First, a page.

NB: These are personal views and should in no way be taken to be representative of those of the KCGS Committee or any other body

The major problem with the current system of allocating graduates
rooms is that those students who spend four years as a graduate
student at King's (normally arts students who do an MPhil followed by
a three year PhD, but also certain others, for example students doing
Part III Maths who were not at Cambridge as an undergraduate) lose out
badly, as they are placed right at the bottom of the ballot in their
fourth year, along with, for example, overrunning PhD students. **It
is not fair on those students who were expected to spend four years at
King's that they should suffer in this way**.

The solution: see paper above. Basically, those students doing four year courses 'repeat' their second year in the room ballot system.

Is this a good thing? **Yes**. Some brief assumptions needed
before a quantitative analysis:

- 60 students enter King's Graduate Community every year. Of these, 30 are doing a PhD, and 30 are (initially) doing a one year course. Of the 30 doing a one year course, 10 of these go on to do a PhD. (These numbers are approximately those which have applied at King's for the past couple of years).
- The aim of any allocation system is to ensure that people do not suffer due to how long their course is expected to last.
- Approximately one quarter of students do not choose a room from the ballot for various reasons (eg they choose to live out, they take a flat with another student or other possibilities exist). Again, this is approximately the number which has applied in King's for the past couple of years.

There are four ballot categories; in order in which they choose rooms:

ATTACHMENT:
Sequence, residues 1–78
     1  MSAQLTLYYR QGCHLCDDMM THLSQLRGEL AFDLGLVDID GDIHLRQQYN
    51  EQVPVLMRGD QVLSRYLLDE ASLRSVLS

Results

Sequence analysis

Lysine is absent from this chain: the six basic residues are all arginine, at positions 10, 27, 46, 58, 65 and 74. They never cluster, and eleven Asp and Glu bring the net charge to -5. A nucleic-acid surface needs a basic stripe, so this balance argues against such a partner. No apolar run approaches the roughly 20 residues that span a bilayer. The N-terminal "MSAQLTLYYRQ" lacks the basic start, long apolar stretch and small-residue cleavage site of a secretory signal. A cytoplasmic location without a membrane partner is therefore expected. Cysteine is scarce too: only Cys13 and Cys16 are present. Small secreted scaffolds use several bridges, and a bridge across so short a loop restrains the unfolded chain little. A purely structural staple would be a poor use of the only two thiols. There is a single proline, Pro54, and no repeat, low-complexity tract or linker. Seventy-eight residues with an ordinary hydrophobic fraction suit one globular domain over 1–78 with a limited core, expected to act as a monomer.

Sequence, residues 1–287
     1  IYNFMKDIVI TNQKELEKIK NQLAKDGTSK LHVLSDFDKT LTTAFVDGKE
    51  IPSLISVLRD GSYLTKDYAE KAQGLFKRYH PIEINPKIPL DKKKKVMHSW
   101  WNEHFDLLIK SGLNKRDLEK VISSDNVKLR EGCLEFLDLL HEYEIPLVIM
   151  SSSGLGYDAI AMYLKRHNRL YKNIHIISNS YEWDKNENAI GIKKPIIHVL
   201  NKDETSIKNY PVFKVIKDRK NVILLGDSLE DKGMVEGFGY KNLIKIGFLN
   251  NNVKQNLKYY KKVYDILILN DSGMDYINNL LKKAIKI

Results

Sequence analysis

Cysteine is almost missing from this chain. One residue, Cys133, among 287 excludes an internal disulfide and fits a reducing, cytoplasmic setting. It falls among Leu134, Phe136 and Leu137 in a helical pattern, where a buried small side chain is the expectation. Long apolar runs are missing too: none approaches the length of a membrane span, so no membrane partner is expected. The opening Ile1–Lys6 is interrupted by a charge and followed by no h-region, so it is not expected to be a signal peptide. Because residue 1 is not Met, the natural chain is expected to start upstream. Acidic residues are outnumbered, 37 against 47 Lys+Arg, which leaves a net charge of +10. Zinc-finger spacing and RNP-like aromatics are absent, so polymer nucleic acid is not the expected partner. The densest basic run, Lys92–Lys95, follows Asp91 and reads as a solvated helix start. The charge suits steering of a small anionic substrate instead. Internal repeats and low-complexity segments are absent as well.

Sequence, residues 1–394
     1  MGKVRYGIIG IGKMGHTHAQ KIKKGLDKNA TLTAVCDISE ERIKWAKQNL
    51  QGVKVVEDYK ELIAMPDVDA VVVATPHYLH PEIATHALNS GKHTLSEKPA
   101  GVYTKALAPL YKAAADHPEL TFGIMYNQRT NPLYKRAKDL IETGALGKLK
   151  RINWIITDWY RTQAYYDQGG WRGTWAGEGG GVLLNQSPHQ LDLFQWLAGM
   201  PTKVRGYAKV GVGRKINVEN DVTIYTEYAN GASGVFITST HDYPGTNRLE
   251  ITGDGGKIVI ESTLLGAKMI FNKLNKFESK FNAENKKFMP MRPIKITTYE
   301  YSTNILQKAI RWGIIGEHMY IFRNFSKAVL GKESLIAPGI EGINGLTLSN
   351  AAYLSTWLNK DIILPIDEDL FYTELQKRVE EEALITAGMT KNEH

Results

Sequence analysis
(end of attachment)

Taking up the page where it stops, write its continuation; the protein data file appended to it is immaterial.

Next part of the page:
- First years (from outside Cambridge), who are allocated rooms by college.
- 3rd year students (old system) / Final year students (new system).
- 2nd year students (old system) / other non-overrunning students (new system).
- Others (overrunning students and 4th years under the old system).

Under the old system, the number of students in each ballot category would be (with everything rounded to integers):

Students year: | 1st years | 2nd years | 3rd years | 4th years | ||||
---|---|---|---|---|---|---|---|---|

Length of course: | 3 | 4 | 3 | 4 | 3 | 4 | 3 | 4 |

1st year | 22 | 23 | - | - | - | |||

3rd year | - | - | 22 | 8 | - | |||

2nd year | - | 22 | 8 | - | - | |||

Others | - | - | - | 0 | 8 |

From this, we can calculate the average position at which a student in every year chooses (or is assigned) a room:

Length of course: | 3 | 4 |
---|---|---|

1st year | 23 | 23 |

2nd year | 90 | 90 |

3rd year | 60 | 60 |

4th year | - | 109 |

And comparing this with the new system:

Students year: | 1st years | 2nd years | 3rd years | 4th years | ||||
---|---|---|---|---|---|---|---|---|

Length of course: | 3 | 4 | 3 | 4 | 3 | 4 | 3 | 4 |

1st year | 22 | 23 | - | - | - | |||

Final year | - | - | 22 | - | - | 8 | ||

Other years | - | 22 | 8 | - | 8 | - | ||

Overrunning | - | - | - | - |

And we can again calculate the average position at which a student in every year chooses (or is assigned) a room:

Length of course: | 3 | 4 |
---|---|---|

1st year | 23 | 23 |

2nd year | 94 | 94 |

3rd year | 60 | 94 |

4th year | - | 60 |

Note that this change has had one significant effect: 4th year
students on a four year course are penalised much less for this,
whereas the other changes introduced are small (4 places in the ballot
for second year students). Therefore, I believe that **the proposed
changes are a good thing, and should be endorsed by the open
meeting**.

Philip Kendall, 3 May 2002; with thanks to Mark Fernie for helpful comments.